▲ Through China, Korea, and Japan, Yellow dust flows to Pacific Ocean. Providedby visibleearth.nasa.gov.
“Your daughter’s generation will be the last survivor on earth.” In the movie Interstellar (2014), the reason why characters were trying to escape from Mother Earth is due to a sand storm which devastated the planet. People suffered from severe respiratory diseases because of the dirt encompassing the world. Because of desertification and soil fertility which caused the dust storm, human beings are confronted with the ends of their species. The calamity is not true in the movie only. The miniature version of the disaster is occurring in Northeast Asia every spring.
Yellow dust which is also known as Asian dust, is the phenomenon that refers to the sand movement riding the flow of the air coming from the northwest. It affects extensive parts of Northeast Asia such as China, Korea, Japan, and Mongolia. Professor Lee Mee Hye (Earth and Environmental Sciences) pointed out that there are two main factors why Asian dust happens: sandy surfaces, and the seasonal winds.
The dust originates from northern China and Mongolia which have vast deserts areas like Neimenggu, Gobi, and Tibet Plat Desert. Since the altitude of the regions is higher than that in the circle of influence, it is easier for dust to reach wide boundaries. When all the ice melts and the land loses the power to hold the sand in the desert, particularly in the spring, yellow dust happens. In spring, especially, the flow of air above Northeast Asia facilitates the phenomenon. Combining with seasonal westerly winds, and low pressure in the spring makes the powerful yellow dust.
The size of the particles varies from one to dozens of micrometers. Lee said, “In fact, the sand itself contains just a few poisonous chemical components but the problem is its considerable quantity. If large amounts of particles are inhaled, it can be lethal. Moreover, when combined with exhaust gas which is emitted from industrial zones and contains toxic chemicals, yellow dust is more threatening.”
Many factories are concentrated on the east coast of China that emit tons of chemical fumes every day. Yellow dust sweeps these fumes directly into Beijing, Pyeongyang, and Seoul. China recorded one percentmortality rate in six metropolitan cities because of the respiratory ailment caused by particular matter (P.M.).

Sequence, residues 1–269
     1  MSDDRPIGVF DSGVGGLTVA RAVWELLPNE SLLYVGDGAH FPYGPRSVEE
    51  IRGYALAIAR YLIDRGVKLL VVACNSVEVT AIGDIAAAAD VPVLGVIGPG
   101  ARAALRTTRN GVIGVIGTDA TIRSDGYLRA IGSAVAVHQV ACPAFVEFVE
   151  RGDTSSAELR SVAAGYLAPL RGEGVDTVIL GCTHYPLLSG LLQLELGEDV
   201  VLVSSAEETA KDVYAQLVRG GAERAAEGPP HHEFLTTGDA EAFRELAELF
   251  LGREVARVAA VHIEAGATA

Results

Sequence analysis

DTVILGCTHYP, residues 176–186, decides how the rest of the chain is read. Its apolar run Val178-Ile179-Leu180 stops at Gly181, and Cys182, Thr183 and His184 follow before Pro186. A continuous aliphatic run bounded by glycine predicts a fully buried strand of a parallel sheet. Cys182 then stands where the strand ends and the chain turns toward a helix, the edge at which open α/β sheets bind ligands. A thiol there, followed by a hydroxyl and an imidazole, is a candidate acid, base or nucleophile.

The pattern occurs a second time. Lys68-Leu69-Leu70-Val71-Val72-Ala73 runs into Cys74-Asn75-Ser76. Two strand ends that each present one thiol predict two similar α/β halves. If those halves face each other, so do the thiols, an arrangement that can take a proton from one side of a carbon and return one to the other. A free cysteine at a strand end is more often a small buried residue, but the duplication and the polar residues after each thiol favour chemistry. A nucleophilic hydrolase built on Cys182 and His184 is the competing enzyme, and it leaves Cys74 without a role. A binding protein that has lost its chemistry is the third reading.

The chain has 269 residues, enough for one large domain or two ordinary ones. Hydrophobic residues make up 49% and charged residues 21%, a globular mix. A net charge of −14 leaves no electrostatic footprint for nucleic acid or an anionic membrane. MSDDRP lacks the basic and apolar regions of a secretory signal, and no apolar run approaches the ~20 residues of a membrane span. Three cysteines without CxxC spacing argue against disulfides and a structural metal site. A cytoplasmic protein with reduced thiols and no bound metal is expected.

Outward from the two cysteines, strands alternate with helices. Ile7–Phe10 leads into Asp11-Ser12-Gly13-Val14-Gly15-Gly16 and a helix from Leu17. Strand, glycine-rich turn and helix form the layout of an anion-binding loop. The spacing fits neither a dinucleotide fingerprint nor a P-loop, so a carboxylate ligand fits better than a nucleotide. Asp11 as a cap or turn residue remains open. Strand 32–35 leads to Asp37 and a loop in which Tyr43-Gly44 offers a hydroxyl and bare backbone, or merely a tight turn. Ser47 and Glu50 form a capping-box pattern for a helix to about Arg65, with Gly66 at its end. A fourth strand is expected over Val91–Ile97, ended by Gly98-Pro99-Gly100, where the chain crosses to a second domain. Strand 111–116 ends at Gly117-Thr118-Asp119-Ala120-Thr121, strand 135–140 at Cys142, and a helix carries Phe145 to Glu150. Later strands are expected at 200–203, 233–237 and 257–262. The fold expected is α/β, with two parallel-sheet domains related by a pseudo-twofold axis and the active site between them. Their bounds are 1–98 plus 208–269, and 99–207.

Due to the desertification, according to the Chinese Academy of Science (CAS), Neimenggu in China has lost one-third of its lakes since 1987. People in the region are usually nomads who earn a living by feeding their sheep or horses. The livestock eat all the pasture foliage and people use more water in their factories to develop coal, which intensifies the desertification. This leads to a downward spiral.
What is worse is that deserts spread southward which was once believed to be a safety zone from desertification. Since yellow dust usually forms in arid regions, and deserts continuously downwards, this compounds the problem. To alleviate and reduce the severity of yellow dust, it is critical to stop desertification.
The government of Mongolia and China now acknowledge the problem. Mongolia knows it needs to take measures, but it is hesitant to deal with it, due to the lack of budget. On the other hand, China, in spite of having enough money and power to relieve the disaster, is lukewarm about the problems. Professor Lee said, “The authority is more interested in economic growth than environmental problem. Even though they have started to make plans to alleviate the situation by planting trees recently, this could not be the fundamental solution.”
▲ The Ministers of Environment from three nations consented on the problem in 2014 conference. Provided by korea.net.
Since yellow dust is a transboundary problem, it has to be dealt with in cooperation of the nations that are under the influence. The Tripartite Environment Ministers Meeting (TEMM) is one of the examples which is organized to look for solutions for the yellow dust. The conference consists of three nations of Northeast Asia, which are Korea, Japan, and China. It covers all environmental issues of the nations, and nowadays especially regarding yellow dust which is the common concern of the three nations. Recently, the three parties agreed on exchanging relevant data of dust and sand storm in the 2014 meeting that took place in Daegu, Korea.
Despite their settlements about Asian dust for several years, mitigating the phenomenon seems dark so far. The conference has consented to react to the situation jointly, which is just following countermeasures not directly on solving the problem. Furthermore, there are lack of projects that treat it in a global environmental context. “Since all ecological matters are somehow linked together, yellow dust also cannot be solved by focusing just on the problem only. It must be approached with other issues like global warming or acid rain in a global perspective,” asserted Professor Lee.
As yellow dust is just a periodical issue which does not occur all the time, it is likely to be forgotten easily. Compared to other disasters, people tend to belittle the situation because it passes after few weeks. The fact is, however, it severely threatens not only economies but also human welfare. The Chinese government and its adjoining countries have to make fundamental reforms in treatment of the atmospheric problems in a larger context. Without noticing the gravity of the problem and dealing with it properly, the countries of Northeast Asia are destined to face another version of Interstellar (2014).